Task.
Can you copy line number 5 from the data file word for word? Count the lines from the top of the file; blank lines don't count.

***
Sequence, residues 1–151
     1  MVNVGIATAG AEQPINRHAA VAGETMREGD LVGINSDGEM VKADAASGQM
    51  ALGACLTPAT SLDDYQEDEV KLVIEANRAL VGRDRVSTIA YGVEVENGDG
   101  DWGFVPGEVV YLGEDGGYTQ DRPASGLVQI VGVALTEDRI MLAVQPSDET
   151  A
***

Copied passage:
   151  A